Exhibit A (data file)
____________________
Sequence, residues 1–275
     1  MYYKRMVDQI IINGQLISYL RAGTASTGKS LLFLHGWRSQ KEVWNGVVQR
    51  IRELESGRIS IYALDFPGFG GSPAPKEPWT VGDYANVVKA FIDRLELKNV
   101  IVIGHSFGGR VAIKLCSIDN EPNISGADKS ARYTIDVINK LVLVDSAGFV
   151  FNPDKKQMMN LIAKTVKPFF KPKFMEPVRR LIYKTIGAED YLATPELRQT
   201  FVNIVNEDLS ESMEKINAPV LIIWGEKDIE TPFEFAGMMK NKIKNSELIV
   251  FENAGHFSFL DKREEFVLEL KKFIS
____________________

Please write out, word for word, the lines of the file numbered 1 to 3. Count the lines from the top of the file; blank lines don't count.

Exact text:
Sequence, residues 1–275
     1  MYYKRMVDQI IINGQLISYL RAGTASTGKS LLFLHGWRSQ KEVWNGVVQR
    51  IRELESGRIS IYALDFPGFG GSPAPKEPWT VGDYANVVKA FIDRLELKNV